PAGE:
art1 | R Documentation |

Adaptive resonance theory (ART) networks perform clustering by finding prototypes.
They are mainly designed to solve the stability/plasticity dilemma (which is one of the
central problems in neural networks) in the following way: new input patterns
may generate new prototypes (plasticity), but patterns already present in the net
(represented by their prototypes) are only altered by similar new patterns,
not by others (stability).
ART1 is for binary inputs only,
if you have real-valued input, use `art2`

instead.

Learning in an ART network works as follows:
A new input is intended to be classified according
to the prototypes already present in the net. The similarity between the input and
all prototypes is calculated. The most similar prototype is the *winner*.
If the similarity between the input and the winner is high enough (defined by a
*vigilance parameter*), the winner is adapted to make it more similar to the input.
If similarity is not high enough, a new prototype is created. So, at most the winner
is adapted, all other prototypes remain unchanged.

```
art1(x, ...)
## Default S3 method:
art1(
x,
dimX,
dimY,
f2Units = nrow(x),
maxit = 100,
initFunc = "ART1_Weights",
initFuncParams = c(1, 1),
learnFunc = "ART1",
learnFuncParams = c(0.9, 0, 0),
updateFunc = "ART1_Stable",
updateFuncParams = c(0),
shufflePatterns = TRUE,
...
)
```

`x` |
a matrix with training inputs for the network |

`...` |
additional function parameters (currently not used) |

`dimX` |
x dimension of inputs and outputs |

`dimY` |
y dimension of inputs and outputs |

`f2Units` |
controls the number of clusters assumed to be present |

`maxit` |
maximum of iterations to learn |

`initFunc` |
the initialization function to use |

`initFuncParams` |
the parameters for the initialization function |

`learnFunc` |
the learning function to use |

`learnFuncParams` |
the parameters for the learning function |

`updateFunc` |
the update function to use |

`updateFuncParams` |
the parameters for the update function |

`shufflePatterns` |
should the patterns be shuffled? |

The architecture of an ART network is the following:
ART is based on the more general concept of *competitive learning*. The networks have
two fully connected layers (in both directions), the input/comparison layer and the recognition layer.
They propagate activation back and forth (resonance). The units in the recognition layer have lateral
inhibition, so that they show a winner-takes-all behaviour, i.e., the unit that has the highest activation
inhibits activation of other units, so that after a few cycles its activation will converge to one, whereas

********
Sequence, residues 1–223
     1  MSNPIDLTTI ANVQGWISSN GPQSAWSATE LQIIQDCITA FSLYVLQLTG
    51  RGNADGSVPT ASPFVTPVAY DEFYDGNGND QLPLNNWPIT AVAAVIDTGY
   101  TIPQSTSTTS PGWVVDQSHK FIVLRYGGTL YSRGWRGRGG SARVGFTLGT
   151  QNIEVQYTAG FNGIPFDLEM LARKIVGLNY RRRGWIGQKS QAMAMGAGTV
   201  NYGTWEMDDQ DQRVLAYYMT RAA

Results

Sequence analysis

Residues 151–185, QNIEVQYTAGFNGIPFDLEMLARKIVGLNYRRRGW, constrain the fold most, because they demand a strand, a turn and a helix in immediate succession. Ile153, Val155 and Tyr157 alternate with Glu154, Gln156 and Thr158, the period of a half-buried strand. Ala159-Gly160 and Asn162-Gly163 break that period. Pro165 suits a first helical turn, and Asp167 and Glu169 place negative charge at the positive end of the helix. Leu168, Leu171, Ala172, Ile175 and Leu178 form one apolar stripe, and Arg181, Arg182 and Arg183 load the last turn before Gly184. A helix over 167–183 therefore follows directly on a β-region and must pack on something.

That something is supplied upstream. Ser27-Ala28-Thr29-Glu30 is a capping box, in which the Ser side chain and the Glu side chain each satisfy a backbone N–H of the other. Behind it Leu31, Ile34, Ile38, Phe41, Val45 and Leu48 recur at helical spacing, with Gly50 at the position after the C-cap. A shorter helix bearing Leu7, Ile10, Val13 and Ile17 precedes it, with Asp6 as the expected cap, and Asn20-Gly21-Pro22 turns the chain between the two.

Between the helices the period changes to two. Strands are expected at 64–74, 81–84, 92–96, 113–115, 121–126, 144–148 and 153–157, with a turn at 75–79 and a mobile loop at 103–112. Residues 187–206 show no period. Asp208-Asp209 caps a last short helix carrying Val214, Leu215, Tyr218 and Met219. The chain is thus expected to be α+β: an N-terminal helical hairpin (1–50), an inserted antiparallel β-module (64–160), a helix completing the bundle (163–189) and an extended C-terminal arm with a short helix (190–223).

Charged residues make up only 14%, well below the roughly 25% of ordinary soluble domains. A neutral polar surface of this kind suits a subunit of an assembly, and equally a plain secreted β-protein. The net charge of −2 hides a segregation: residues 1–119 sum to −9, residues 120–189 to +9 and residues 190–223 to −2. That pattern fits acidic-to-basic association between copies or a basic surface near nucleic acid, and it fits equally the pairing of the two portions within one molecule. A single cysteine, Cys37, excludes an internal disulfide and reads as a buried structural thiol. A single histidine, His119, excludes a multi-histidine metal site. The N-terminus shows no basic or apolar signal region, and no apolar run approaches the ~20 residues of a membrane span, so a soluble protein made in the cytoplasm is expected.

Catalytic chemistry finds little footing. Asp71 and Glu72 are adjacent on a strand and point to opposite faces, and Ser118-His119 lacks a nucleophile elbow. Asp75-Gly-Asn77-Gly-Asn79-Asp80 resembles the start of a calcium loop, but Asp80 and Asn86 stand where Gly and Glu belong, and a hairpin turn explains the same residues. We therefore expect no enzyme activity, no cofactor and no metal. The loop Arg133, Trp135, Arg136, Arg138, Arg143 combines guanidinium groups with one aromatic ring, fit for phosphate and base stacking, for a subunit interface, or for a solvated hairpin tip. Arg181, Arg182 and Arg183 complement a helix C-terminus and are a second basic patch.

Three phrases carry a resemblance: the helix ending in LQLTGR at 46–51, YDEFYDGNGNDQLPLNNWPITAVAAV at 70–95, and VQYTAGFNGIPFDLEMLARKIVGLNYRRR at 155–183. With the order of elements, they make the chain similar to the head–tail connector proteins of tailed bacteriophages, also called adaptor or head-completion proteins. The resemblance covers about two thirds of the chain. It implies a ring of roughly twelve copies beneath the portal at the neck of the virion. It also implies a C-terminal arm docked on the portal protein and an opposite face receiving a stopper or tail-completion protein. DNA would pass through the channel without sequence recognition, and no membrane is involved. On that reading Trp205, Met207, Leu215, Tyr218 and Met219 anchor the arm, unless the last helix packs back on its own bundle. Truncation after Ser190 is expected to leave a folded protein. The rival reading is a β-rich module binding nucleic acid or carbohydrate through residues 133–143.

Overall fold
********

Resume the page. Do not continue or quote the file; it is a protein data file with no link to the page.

the other units activations converge to zero. ART stabilizes this general learning mechanism by the presence
of some special units. For details refer to the referenced literature.

The default initialization function, `ART1_Weights`

, is the only one suitable for ART1 networks. It has
two parameters, which are explained in the SNNS User Manual pp.189. A default of 1.0 for both is usually fine.
The only learning function suitable for ART1 is `ART1`

. Update functions are `ART1_Stable`

and
`ART1_Synchronous`

. The difference between the two is that the first one updates until the network is in a
stable state, and the latter one only performs one update step. Both the learning function and the update functions
have one parameter, the vigilance parameter.

In its current implementation, the network has two-dimensional input. The matrix `x`

contains all
(one dimensional) input patterns. Internally, every one of these patterns
is converted to a two-dimensional pattern using parameters `dimX`

and `dimY`

.
The parameter `f2Units`

controls the number of units in the recognition layer, and therewith the maximal amount of clusters
that are assumed to be present in the input patterns.

A detailed description of the theory and the parameters is available from the SNNS documentation and the other referenced literature.

an `rsnns`

object. The `fitted.values`

member of the object contains a
list of two-dimensional activation patterns.

Carpenter, G. A. & Grossberg, S. (1987), 'A massively parallel architecture for a self-organizing neural pattern recognition machine', Comput. Vision Graph. Image Process. 37, 54–115.

Grossberg, S. (1988), Adaptive pattern classification and universal recoding. I.: parallel development and coding of neural feature detectors, MIT Press, Cambridge, MA, USA, chapter I, pp. 243–258.

Herrmann, K.-U. (1992), 'ART – Adaptive Resonance Theory – Architekturen, Implementierung und Anwendung', Master's thesis, IPVR, University of Stuttgart. (in German)

Zell, A. et al. (1998), 'SNNS Stuttgart Neural Network Simulator User Manual, Version 4.2', IPVR, University of Stuttgart and WSI, University of Tübingen. https://www.ra.cs.uni-tuebingen.de/SNNS/welcome.html

Zell, A. (1994), Simulation Neuronaler Netze, Addison-Wesley. (in German)

`art2`

, `artmap`

```
## Not run: demo(art1_letters)
## Not run: demo(art1_lettersSnnsR)
data(snnsData)
patterns <- snnsData$art1_letters.pat
inputMaps <- matrixToActMapList(patterns, nrow=7)
par(mfrow=c(3,3))
for (i in 1:9) plotActMap(inputMaps[[i]])
model <- art1(patterns, dimX=7, dimY=5)
encodeClassLabels(model$fitted.values)
```

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